Song – Universal Soldier
Sixty years ago Canadian singer-songwriter Buffy Sainte-Marie (born 1941) wrote the anti-war song “Universal Soldier”. It was first released, as a single, by The Highwaymen in September 1963. It was released by Sainte-Marie in 1964 and then covered, famously, in 1965, by Donovan. In a Canadian Songwriters’ Hall of Fame record, Sainte-Marie said the gravamen of the lyrics was the notion that politicians, with power over the military, are elected by the people. Thus her thesis, it would appear, was that every citizen ought take responsibility for the nation’s pursuit of war (even in countries where voting is not compulsory). The issue, of course, is more complex than that but the song figured significantly in the anti-war sentiment and movement of the 1960s and 1970s. In 1965, Jan Berry released an “answer” song presenting the opposite point of view, titled “The Universal Coward”, which railed against anti-war protesters.
For further reading see R Cohen and W Kaufman “Singing for Peace: Anti-war Songs in American History” – Routledge, 2015.
Below the reader will find, first, the lyrics, and below that a YouTube link to Donovan’s cover version.
He’s five foot-two and he’s six feet-four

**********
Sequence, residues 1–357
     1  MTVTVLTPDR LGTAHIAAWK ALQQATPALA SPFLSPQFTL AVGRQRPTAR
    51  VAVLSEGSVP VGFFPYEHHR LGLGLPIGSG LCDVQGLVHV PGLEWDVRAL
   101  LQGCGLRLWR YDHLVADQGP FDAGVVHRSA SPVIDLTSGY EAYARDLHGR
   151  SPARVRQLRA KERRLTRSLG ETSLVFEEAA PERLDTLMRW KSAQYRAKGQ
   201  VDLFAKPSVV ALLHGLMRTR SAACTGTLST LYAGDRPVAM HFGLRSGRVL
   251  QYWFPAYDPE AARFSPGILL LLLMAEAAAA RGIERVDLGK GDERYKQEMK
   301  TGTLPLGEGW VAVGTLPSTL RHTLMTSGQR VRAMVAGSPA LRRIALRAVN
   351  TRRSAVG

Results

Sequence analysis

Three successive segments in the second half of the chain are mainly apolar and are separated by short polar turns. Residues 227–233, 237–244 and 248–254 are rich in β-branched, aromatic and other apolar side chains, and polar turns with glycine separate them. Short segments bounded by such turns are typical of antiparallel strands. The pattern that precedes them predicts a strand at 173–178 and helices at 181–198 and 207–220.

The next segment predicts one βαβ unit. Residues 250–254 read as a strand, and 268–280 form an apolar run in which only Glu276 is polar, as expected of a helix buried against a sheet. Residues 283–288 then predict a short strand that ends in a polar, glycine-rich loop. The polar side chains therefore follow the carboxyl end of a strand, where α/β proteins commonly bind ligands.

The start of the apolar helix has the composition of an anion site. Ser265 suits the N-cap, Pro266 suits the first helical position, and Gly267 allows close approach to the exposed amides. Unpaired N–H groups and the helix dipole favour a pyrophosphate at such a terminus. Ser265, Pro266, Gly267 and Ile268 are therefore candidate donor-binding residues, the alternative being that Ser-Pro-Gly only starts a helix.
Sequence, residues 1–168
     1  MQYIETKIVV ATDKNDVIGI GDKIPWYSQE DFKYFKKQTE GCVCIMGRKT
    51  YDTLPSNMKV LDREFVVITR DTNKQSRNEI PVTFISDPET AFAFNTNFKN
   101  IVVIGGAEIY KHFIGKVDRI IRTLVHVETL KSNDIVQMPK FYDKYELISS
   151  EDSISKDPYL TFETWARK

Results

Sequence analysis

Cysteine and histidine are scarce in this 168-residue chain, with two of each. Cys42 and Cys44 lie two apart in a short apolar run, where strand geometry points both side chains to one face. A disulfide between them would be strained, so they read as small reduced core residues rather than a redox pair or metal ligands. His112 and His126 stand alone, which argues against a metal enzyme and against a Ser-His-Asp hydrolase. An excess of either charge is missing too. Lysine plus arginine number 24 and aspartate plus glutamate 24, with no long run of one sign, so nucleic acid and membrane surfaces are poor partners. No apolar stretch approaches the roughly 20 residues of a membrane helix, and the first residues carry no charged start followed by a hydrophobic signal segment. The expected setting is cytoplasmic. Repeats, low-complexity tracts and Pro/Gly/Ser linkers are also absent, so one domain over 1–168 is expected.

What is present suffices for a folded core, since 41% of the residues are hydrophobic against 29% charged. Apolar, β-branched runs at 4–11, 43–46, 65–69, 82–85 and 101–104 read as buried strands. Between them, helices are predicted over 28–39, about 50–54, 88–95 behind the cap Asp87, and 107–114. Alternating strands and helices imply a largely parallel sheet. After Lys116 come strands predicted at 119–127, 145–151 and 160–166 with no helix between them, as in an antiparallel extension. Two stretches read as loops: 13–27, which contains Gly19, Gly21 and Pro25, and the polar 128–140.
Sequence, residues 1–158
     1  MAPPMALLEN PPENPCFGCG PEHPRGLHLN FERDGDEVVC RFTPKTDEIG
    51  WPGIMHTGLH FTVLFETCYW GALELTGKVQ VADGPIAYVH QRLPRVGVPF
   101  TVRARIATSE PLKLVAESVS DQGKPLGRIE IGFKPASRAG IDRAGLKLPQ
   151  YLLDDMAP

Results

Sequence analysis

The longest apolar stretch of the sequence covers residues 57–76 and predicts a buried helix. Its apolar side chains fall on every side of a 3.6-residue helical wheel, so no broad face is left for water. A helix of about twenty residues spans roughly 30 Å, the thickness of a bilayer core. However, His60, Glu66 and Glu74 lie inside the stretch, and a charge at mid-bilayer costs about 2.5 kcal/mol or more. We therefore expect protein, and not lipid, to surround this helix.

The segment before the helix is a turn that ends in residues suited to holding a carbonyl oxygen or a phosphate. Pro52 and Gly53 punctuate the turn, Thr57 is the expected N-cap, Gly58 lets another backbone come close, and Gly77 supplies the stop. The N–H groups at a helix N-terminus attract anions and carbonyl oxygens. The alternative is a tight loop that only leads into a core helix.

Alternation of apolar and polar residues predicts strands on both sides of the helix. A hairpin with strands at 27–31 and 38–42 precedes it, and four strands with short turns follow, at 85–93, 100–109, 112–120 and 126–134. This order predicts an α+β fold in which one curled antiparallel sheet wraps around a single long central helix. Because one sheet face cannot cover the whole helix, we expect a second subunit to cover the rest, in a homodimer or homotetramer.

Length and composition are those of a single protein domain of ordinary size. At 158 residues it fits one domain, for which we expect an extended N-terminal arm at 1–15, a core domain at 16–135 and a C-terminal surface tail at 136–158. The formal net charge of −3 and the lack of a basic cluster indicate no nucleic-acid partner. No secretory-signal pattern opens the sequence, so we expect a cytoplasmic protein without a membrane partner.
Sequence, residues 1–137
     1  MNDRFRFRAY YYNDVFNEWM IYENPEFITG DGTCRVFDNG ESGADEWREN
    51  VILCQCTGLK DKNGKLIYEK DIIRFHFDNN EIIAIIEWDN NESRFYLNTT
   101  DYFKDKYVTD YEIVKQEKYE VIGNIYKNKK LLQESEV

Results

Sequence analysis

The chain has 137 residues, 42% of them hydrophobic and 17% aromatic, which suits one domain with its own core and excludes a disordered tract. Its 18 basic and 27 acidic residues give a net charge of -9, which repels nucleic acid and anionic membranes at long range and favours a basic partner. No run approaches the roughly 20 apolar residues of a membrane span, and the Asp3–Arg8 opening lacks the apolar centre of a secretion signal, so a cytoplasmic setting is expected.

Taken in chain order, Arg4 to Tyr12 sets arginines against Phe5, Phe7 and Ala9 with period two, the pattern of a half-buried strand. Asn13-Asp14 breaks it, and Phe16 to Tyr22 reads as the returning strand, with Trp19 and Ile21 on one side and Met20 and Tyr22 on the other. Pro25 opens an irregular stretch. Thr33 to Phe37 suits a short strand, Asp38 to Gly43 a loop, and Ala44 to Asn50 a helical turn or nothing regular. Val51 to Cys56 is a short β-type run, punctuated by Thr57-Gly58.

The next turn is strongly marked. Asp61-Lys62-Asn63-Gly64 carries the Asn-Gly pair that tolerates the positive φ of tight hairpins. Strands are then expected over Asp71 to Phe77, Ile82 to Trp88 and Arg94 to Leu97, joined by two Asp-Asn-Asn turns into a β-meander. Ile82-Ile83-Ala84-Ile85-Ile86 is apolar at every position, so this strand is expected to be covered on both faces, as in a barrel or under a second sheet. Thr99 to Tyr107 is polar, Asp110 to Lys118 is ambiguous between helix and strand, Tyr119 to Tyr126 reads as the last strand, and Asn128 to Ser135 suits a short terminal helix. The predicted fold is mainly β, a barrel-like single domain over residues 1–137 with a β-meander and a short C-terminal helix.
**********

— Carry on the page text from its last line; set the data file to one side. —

He fights with missiles and with spears
He’s all of 31 and he’s only 17
Been a soldier for a thousand years.
He’s a Catholic, a Hindu, an Atheist, a Jain
A Buddhist, and a Baptist, and a Jew
And he knows he shouldn’t kill
And he knows he always will
Kill you for me, my friend, and me for you.
And he’s fighting for Canada
He’s fighting for France
He’s fighting for the U.S.A
And he’s fighting for the Russians
And he’s fighting for Japan
And he thinks we’ll put an end to war this way.
And he’s fighting for Democracy
He’s fighting for the Reds
He says it’s for the peace of all
He’s the one who must decide
Who’s to live and who’s to die
And he never sees the writing on the wall.
But without him
How would Hitler have condemned them at Dachau?
Without him Caesar would have stood alone
He’s the one who gives his body as a weapon of the war
And without him all this killing can’t go on.
He’s the Universal Soldier and he really is to blame
His orders come from far away no more
They come from here and there and you and me
And brothers, can’t you see?
This is not the way we put the end to war.